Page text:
Letter | Published:

The Cluster Theory of Imperfect Gases

Nature volume 140, pages 424425 (04 September 1937) | Download Citation



DEVIATIONS from ideality of real gases are generally attributed to the effects of the volume of the molecules and to the attractive forces between them. The volume effect has been described fairly simply and accurately, but explanations put forward as to the way in which the attractive forces act are open to criticism. One of the older common explanations1 is that the unbalanced attraction inwards on the molecules near the boundary wall results in their being slowed down before they hit the wall, thus giving a lower contribution to the pressure than they would in the absence of attractive forces. As stated, this appears to be a violation of the Principle of Equipartition of Energy. Another way of expressing what is probably the same thing, is often preferred2. In this, the deficiency in pressure is attributed to a lower concentration in the boundary layer arising out of a relatively higher potential energy in this layer, due to the attraction inwards. These explanations ignore the fact that adsorption measurements show that all known walls exert a strong attractive force on all gaseous molecules and that the concentration in the boundary layer is invariably higher than that in the body of the gas.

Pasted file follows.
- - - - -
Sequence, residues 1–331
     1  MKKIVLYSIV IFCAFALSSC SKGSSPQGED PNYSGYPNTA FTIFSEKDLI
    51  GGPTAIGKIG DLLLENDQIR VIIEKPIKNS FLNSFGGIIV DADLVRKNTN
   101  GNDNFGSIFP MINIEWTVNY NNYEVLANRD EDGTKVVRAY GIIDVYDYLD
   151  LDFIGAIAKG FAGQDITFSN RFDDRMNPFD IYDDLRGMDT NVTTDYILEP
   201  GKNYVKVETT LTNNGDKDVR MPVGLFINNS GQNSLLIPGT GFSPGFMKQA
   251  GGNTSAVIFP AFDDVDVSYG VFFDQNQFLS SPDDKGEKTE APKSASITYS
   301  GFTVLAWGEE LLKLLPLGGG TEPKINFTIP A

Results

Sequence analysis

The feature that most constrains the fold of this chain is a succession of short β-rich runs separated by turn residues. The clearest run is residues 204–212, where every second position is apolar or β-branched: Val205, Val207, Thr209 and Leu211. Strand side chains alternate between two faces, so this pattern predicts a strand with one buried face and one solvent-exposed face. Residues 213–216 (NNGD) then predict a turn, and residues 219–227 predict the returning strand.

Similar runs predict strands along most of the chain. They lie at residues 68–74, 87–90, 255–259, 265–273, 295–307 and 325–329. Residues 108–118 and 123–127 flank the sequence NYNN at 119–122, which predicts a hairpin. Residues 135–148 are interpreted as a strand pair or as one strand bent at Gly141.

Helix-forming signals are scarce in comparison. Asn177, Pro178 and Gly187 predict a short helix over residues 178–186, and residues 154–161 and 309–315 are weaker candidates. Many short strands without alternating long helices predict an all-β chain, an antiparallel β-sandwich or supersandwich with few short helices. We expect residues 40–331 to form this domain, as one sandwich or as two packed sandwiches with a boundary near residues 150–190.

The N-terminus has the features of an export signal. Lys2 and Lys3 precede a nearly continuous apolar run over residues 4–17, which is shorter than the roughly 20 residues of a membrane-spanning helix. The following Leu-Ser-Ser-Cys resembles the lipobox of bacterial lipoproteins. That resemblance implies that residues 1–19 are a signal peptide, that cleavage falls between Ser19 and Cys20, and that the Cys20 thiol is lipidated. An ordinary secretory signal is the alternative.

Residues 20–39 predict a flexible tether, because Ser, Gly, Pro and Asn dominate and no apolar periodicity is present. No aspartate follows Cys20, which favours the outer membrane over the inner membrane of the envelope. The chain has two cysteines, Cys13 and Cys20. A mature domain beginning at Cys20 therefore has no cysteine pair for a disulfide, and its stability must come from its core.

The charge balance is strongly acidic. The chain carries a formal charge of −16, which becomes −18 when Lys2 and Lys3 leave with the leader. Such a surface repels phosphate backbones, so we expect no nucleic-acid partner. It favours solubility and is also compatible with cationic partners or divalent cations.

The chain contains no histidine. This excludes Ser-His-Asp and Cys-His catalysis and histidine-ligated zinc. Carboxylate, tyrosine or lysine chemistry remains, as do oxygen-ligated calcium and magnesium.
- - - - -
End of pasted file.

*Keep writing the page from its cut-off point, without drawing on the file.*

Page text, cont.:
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  1. 1.

    See, for example, “Physical Chemistry” by , vol. 1, p. 98 (1924); Kinetic Theory”, p. 72 (1923); and Principles of Physical Chemistry”, p. 38 (1921).

  2. 2.

    , “Statistical Mechanics” p. 291 (1936).

  3. 3.

    , Phys. Z., 22, 129 and 643 (1921); 23, 225 (1922).

  4. 4.

    , Phil. Mag., 46, 256 (1923).

  5. 5.

    A brief treatment is given by and , “Physical Chemistry” by , p. 226 (1931).

  6. 6.

    , Nobelpreisrede (Leipzig, 1911).

  7. 7.

    , Z. Elektrochem., 35, 555 (1929).

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  1. Sir William Ramsay Laboratories of Inorganic and Physical Chemistry, University College, London. June 15.

    • C. F. GOODEVE


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